February 2009 Archive
Unny and Bindhu are an Indian couple with an insatiable love for travel. Their blog is a colourful repository of people and places throughout India.
I was walking along the Regent’s Canal this weekend as a new resident of Islington in London and wondering how I got here. Not, mind you, in a negative way. Not like those who – ball-gag in their mouth and gun to their head – wonder “How did I get here?” Rather, I was wondering in the happy, positive way of someone who is enjoying themselves at a really fancy party with exciting people.
One year ago in February of 2008, I was living in Toronto with little idea that I would be an ex-patriot Canadian by June. I would say that life moves in mysterious ways, but in reality there is no mystery to it. I chose to move, and did move, and now I am an immigrant to a new country, finally living my dream to live abroad.
The question some of you might be asking is how I did it, because it can seem like one of the scariest concepts ever. How do you take that step and travel, when it can seem so daunting?
I was working full-time in Phoenix and doing evening classes for my MBA (paid for by the same consulting company that I’d later leave just weeks after finishing my degree). I was happy, getting plenty of love and leisure in that lifestyle (despite the terribly full, yet routine schedule).
Corporate brass wanted to promote me to a senior level that would’ve probably doubled my salary and expanded my ability to enact change within the organization. By most standards these dimensions of personal and professional success would’ve been enough to keep the lips of most any 25-year-old grinning from ear to ear, behind a glass of rum at least half his age.
Matt Morelli combines sparse text with abundant (and beautiful) photography in one sleekly designed website. Here To Geneva sucks you in with its observational notes and imagery from destinations throughout Europe.
For a large portion of my travels I did not have a laptop. When it came to blogging about my travels this brought up a heap of new problems. I had no choice but to use public computers, some located in pretty dodgy cyber cafés. Others located in shut up tight ultra modern machines that don’t let you do anything but surf. Here are a few tips and tricks I used when travel blogging from cyber cafés.
My husband and I have been traveling with our laptops for the last eleven months. We’ve visited sixteen countries, taken eighteen flights, fifteen trains and eight long-distance buses, not to mention numerous subways, tuk tuks, long tail boats, scooter taxis, local buses and lots and lots of walking.
And throughout the whole journey, a pair of MacBooks have been along for the ride.
For us, the question of whether to bring our laptops wasn’t really even a question. But it is something we get asked about a lot by other travelers – so here’s my take on whether or not it makes sense to bring a laptop on your journey.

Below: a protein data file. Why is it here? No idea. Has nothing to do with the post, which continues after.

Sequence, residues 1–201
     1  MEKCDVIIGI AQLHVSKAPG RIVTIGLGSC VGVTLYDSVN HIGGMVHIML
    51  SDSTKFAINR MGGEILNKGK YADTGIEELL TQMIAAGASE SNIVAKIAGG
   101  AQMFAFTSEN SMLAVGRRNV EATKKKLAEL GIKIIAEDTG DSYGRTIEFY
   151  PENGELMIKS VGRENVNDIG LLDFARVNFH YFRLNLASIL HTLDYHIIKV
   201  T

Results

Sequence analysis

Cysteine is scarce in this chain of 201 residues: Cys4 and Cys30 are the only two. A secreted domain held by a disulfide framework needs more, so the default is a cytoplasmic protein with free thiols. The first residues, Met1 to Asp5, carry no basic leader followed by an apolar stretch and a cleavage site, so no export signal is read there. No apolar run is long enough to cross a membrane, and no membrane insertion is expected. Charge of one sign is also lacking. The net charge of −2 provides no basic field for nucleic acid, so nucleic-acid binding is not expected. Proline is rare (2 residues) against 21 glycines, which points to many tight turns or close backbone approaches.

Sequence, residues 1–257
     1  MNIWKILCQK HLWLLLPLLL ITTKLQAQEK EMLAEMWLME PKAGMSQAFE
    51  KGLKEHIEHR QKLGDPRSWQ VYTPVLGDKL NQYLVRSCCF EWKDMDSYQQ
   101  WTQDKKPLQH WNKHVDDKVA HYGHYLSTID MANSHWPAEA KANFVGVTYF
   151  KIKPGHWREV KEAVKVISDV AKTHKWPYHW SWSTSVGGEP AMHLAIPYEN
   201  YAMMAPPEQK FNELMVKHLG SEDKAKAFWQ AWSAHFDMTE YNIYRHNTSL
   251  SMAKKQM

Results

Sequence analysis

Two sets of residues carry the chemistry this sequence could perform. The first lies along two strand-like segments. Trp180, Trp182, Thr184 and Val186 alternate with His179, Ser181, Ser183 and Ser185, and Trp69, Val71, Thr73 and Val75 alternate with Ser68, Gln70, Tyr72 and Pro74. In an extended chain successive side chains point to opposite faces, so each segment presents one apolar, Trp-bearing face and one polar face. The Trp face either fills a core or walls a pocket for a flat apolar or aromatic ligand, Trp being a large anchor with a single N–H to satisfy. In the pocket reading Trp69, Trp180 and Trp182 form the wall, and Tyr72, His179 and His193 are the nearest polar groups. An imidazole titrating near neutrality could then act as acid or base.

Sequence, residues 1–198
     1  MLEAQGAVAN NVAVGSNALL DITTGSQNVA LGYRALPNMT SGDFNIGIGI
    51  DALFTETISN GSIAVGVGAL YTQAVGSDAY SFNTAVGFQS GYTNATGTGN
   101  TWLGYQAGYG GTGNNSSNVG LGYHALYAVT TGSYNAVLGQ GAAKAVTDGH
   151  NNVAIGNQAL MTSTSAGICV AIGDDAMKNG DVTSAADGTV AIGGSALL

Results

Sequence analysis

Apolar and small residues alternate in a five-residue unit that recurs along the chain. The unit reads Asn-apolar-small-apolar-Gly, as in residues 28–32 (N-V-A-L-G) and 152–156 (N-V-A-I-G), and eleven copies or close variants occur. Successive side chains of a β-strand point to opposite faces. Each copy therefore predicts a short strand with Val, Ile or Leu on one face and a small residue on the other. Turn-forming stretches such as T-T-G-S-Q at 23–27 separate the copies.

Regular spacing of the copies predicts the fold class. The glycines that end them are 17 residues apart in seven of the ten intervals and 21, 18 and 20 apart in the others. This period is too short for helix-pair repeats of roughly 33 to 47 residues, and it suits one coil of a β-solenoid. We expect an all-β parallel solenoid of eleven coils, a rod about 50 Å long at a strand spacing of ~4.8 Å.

Izzy and Marisa set out in September on a round-the-world trip together, scarcely eight months after they first met. Their journey has taken them through the United States and South America, while they have contemplated their lives and their relationship. This week, Marisa heads back to Mexico to work, while Izzy will continue on the [...]
When your friends all seem to having babies or buying houses, what do you do? Stubbornly resist, of course! In a bid to cling to his youth for a little longer, Geoff is setting out on a round-the-world backpacking trip in March 2009. First stop: Mexico.
I’ve never been very good at keeping in touch. I expect my Facebook status to skip hand in hand with my Twitter account around the fires of my Flickr pages and the result be that everyone knows just enough. When my laptop allows Skype into its inner quarters, I begin my conversations with “so sorry I haven’t been in touch…” and The Other End routinely console me. My Myspace is slumped in a shiver and a dozen ‘RE: Where are you?’ lie beneath dust and disgrace in any one my three spam-infested inbox’s. Postcards? I’ve sent a couple. Text messages? Reserved for belated birthdays.
Here I sit in the patio of a café in Buenos Aires’s small but vibrant Chinatown, dunking a biscotti into a cup of espresso, an indulgence enjoyed underneath the simple pleasure of a tree’s leafy shade. Life is good. The smells of cocina asiatica waft through the air, and the Spainese mix the cooks speak drifts out through the window. It is hot, hot-hot-hot, but the waiter has brought me two glasses of sparkling water and an extra biscotti as a treat to beat the heat. And it’s working.
At my feet lay the shopping bags holding my boyfriend Nick’s Christmas present: spicy curry powder, dried basil, ground paprika, whole wheat flour, chocolate, home-made granola, and micro-brewed beer. So much less than I would like to give him—our careers here as English teachers do not leave us flush with cash.